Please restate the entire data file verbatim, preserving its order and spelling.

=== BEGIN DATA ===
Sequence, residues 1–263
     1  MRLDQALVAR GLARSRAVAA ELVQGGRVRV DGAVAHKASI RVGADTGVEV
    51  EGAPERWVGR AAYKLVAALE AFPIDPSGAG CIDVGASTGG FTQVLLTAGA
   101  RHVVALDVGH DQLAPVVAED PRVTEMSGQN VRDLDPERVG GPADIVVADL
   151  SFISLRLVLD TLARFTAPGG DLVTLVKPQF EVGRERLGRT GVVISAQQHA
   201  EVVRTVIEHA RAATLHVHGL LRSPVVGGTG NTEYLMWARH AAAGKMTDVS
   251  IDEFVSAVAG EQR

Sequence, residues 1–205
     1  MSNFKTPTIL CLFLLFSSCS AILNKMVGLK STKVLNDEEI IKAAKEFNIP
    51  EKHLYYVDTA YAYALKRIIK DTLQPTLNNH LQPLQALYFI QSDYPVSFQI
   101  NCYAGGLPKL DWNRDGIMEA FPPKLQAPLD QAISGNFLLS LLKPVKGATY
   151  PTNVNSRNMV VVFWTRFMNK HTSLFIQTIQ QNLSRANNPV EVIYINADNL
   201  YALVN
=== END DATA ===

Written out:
Sequence, residues 1–263
     1  MRLDQALVAR GLARSRAVAA ELVQGGRVRV DGAVAHKASI RVGADTGVEV
    51  EGAPERWVGR AAYKLVAALE AFPIDPSGAG CIDVGASTGG FTQVLLTAGA
   101  RHVVALDVGH DQLAPVVAED PRVTEMSGQN VRDLDPERVG GPADIVVADL
   151  SFISLRLVLD TLARFTAPGG DLVTLVKPQF EVGRERLGRT GVVISAQQHA
   201  EVVRTVIEHA RAATLHVHGL LRSPVVGGTG NTEYLMWARH AAAGKMTDVS
   251  IDEFVSAVAG EQR

Sequence, residues 1–205
     1  MSNFKTPTIL CLFLLFSSCS AILNKMVGLK STKVLNDEEI IKAAKEFNIP
    51  EKHLYYVDTA YAYALKRIIK DTLQPTLNNH LQPLQALYFI QSDYPVSFQI
   101  NCYAGGLPKL DWNRDGIMEA FPPKLQAPLD QAISGNFLLS LLKPVKGATY
   151  PTNVNSRNMV VVFWTRFMNK HTSLFIQTIQ QNLSRANNPV EVIYINADNL
   201  YALVN